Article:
• The Moonlit Way (1919)
  • In Secret (1919)
  • The Crimson Tide (1919)
  • A Story of Primitive Love (1920)
  • The Slayer of Souls (1920)
  • The Little Red Foot (1920)
  • Eris (1922)
  • The Flaming Jewel (1922)
  • The Talkers (1923)
  • The Hi-Jackers (1923)
  • America; or, The Sacrifice (1924)
  • The Mystery Lady (1925)
  • Marie Halkett (1925 UK, 1937 US)
  • The Girl in Golden Rags (1925 UK, 1936 US)
  • The Man They Hanged (1926)
  • The Drums of Aulone (1927)
  • The Gold Chase (1927)
  • The Sun Hawk (1928)
  • The Rogue's Moon (1928)
  • The Happy Parrot (1929)
  • The Painted Minx (1930)
  • The Rake and the Hussy (1930)
  • War Paint and Rouge (1931)
  • Gitana (1931)
  • Whistling Cat (1932)
  • Whatever Love Is (1933)
  • Secret Service Operator 13 (1934) – short stories published in Cosmopolitan between 1930–1932
  • The Young Man's Girl (1934) – serialized in The Delineator, 1933
  • Love and the Lieutenant (1935) – serialized in The Woman's Home Companion, 1934
  • Beating Wings (1936) – serialized in McCall's, 1927
  • The Fifth Horseman (1937) – serialized in McCall's, 1930
  • Smoke of Battle (1938) – this novel was possibly finished by Rupert Hughes.

Children's books

  • Outdoorland (1902) Illustrated by Reginald Bathurst Birch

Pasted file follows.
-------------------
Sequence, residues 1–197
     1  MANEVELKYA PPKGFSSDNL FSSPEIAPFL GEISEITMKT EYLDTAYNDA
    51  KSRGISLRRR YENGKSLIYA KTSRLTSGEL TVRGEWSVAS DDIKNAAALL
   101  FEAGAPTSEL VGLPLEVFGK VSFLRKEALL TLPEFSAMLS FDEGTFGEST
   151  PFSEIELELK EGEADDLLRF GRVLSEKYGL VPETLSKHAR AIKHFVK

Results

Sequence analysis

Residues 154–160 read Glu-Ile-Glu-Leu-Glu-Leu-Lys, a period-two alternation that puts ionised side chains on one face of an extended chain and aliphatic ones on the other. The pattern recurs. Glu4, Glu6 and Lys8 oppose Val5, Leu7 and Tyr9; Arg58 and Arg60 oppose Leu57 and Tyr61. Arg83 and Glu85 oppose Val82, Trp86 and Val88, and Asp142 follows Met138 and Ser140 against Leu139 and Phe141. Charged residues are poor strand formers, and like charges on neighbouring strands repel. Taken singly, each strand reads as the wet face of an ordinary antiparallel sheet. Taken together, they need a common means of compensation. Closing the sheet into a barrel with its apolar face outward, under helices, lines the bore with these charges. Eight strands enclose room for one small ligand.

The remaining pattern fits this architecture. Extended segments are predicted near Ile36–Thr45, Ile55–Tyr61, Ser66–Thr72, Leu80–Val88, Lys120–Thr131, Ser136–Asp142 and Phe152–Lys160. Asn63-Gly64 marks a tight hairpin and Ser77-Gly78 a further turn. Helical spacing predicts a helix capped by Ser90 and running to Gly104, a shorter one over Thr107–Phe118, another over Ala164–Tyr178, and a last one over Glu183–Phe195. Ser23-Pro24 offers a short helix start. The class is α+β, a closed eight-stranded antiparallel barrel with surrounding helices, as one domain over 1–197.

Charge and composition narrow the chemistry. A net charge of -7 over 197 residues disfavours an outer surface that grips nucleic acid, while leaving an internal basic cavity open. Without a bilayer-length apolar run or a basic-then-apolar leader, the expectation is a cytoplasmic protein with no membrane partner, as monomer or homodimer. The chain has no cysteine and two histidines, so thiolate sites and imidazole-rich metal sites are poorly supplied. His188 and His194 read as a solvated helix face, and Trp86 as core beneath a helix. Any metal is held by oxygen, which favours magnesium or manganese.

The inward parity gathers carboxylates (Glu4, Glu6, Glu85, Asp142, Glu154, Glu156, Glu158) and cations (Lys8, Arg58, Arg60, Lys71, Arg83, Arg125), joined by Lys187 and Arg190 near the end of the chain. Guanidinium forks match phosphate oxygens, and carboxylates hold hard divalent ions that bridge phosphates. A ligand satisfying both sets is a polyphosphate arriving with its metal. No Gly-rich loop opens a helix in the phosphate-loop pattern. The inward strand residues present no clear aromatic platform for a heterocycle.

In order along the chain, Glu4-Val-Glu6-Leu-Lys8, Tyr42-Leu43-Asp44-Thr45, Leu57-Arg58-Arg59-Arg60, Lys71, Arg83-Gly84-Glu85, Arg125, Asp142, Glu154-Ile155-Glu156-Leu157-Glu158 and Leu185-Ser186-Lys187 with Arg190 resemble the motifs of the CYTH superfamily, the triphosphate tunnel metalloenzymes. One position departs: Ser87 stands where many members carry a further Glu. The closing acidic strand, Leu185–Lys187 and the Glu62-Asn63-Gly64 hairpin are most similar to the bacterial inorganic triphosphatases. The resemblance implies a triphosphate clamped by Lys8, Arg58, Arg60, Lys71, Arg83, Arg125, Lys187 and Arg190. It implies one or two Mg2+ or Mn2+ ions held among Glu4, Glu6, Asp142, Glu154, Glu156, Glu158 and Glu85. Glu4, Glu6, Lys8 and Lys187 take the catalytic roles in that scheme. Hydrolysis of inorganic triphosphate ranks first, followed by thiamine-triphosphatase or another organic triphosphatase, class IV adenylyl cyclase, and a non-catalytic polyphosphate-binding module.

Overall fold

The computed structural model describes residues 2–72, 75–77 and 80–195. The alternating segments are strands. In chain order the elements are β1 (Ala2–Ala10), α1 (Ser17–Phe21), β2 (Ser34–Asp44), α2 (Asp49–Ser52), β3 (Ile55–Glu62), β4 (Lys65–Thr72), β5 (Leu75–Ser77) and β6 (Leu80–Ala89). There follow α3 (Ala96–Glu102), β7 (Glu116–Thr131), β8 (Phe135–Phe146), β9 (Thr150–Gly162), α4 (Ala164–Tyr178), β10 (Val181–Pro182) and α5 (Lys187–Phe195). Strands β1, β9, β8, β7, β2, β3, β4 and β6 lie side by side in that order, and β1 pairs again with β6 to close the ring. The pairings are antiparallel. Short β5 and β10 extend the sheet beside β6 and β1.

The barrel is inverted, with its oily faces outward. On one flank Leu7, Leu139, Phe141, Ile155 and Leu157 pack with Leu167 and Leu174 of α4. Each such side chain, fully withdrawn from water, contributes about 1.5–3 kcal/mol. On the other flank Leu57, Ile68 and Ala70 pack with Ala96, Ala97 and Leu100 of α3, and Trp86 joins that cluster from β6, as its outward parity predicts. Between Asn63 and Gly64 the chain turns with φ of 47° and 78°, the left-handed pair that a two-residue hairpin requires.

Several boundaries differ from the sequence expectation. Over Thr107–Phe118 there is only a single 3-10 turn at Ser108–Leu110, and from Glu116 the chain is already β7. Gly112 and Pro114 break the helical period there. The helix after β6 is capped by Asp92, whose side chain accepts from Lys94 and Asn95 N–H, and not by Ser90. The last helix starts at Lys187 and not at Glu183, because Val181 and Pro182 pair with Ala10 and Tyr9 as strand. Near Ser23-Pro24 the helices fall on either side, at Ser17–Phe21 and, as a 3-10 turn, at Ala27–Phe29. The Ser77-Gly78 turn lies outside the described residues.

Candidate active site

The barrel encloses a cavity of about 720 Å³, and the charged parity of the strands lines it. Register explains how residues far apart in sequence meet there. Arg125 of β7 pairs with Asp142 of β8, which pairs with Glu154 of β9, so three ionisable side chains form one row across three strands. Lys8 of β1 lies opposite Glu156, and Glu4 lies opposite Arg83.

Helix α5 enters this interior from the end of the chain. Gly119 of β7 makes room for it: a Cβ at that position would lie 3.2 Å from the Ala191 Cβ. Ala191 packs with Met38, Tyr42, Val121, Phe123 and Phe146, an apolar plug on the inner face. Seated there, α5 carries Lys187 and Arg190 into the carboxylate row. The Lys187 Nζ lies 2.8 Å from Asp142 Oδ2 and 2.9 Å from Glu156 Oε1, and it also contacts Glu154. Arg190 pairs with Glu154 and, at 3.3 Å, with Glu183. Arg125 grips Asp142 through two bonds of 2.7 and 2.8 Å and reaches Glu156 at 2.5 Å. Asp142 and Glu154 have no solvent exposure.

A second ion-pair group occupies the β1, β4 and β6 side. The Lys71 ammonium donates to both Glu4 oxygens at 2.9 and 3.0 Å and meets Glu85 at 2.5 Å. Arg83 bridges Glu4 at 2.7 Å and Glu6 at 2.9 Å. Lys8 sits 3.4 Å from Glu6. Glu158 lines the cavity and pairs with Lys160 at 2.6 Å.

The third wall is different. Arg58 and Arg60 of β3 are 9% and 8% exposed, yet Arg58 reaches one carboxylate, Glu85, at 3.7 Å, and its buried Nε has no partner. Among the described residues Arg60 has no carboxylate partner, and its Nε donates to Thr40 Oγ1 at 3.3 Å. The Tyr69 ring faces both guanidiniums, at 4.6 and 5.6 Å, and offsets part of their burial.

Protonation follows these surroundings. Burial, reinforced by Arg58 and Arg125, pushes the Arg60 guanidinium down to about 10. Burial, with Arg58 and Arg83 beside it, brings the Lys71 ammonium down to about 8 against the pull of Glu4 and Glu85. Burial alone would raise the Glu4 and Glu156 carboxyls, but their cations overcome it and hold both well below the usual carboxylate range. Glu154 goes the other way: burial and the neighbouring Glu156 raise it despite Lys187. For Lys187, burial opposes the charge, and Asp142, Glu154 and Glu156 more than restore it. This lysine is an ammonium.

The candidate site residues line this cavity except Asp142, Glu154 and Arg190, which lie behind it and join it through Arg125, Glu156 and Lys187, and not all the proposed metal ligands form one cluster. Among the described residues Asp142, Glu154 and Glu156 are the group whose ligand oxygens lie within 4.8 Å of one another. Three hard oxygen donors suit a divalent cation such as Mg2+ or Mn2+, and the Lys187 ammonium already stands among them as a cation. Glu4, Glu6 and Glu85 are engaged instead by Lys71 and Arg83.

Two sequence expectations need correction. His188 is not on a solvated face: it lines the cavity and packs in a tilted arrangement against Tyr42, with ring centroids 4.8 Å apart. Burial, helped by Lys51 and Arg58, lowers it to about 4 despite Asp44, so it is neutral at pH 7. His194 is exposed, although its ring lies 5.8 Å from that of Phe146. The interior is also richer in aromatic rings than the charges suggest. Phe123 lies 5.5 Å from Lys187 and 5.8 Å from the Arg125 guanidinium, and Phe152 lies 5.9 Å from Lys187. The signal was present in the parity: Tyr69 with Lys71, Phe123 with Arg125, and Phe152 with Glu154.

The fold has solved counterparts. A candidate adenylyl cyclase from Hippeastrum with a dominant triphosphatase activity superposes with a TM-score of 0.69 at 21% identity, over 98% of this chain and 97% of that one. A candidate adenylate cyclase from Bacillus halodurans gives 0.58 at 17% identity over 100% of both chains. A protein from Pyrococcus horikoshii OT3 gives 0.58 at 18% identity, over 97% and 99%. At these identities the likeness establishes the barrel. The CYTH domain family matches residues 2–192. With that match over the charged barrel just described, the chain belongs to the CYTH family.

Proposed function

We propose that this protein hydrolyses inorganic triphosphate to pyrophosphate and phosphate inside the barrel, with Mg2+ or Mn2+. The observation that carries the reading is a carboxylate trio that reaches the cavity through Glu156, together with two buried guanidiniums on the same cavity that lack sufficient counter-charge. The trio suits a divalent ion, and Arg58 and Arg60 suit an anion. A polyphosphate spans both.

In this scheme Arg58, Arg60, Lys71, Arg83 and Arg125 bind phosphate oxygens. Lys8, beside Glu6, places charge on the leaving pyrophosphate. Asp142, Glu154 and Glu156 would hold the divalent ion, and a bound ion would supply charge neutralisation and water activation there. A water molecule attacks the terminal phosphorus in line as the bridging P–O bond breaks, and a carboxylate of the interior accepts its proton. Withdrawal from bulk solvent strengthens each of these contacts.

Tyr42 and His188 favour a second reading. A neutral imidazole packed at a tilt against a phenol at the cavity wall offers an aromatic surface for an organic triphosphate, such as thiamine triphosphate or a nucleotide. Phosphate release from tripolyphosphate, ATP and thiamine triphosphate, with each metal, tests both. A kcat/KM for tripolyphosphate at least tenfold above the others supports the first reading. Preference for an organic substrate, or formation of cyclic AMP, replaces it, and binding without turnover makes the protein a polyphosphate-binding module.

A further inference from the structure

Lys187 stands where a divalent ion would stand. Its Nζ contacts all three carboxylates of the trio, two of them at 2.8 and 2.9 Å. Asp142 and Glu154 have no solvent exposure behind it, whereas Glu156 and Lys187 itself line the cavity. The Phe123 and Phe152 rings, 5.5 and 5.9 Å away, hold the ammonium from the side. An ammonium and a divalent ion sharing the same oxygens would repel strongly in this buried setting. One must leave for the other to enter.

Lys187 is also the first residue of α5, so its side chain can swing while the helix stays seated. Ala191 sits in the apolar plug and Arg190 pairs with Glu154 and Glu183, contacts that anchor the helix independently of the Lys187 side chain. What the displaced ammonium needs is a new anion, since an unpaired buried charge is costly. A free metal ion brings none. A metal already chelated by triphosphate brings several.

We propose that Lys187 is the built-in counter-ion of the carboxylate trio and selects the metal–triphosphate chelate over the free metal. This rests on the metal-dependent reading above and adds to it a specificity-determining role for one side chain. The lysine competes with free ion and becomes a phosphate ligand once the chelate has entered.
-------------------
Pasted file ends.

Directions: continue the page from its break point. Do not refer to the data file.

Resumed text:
• Orchard-Land (1903) Illustrated by Reginald Bathurst Birch
  • River-Land (1904) Illustrated by Elizabeth S. Green
  • Forest-Land (1905) Illustrated by Emily Benson Knipe
  • Mountain-Land (1906) Illustrated by Frederick Richardson & Walter King Stone
  • Garden-Land (1907) Illustrated by Harrison Cady

Reprint collections

Anthologies containing reprinted work by Robert W. Chambers

Movies

Notes

  1. ^ a b c "Robert Chambers, Novelist, Is Dead". New York Times. 17 December 1933. p. 36.
  2. ^ Brian Stableford, "The King in Yellow" in Frank N. Magill, ed. Survey of Modern Fantasy Literature, Vol 2. Englewood Cliffs, NJ: Salem Press, Inc., 1983. ISBN 0893564508 (pp. 844–847).
  3. ^ Quoted in "Chambers, Robert W(illiam)" by T. E. D. Klein, in Jack Sullivan. The Penguin Encyclopedia of Horror and the Supernatural, Penguin/Viking, New York. 1986 ISBN 0670809020 (p. 74-6).
  4. ^ Bleiler, Everett Franklin and Bleiler, Richard. Science-Fiction: The Early Years. Kent State University Press, 1990. ISBN 0873384164. p. 129-132.
  5. ^ Lovecraft, Selected Letters vol. 2, ed. August Derleth and Donald Wandrei (Arkham House, 1968), p. 148.
  6. ^ Cooper, Some American Story Tellers (Henry Holt, 1911), p.81. Quoted in Joshi, The Evolution of the Weird Tale, p.18.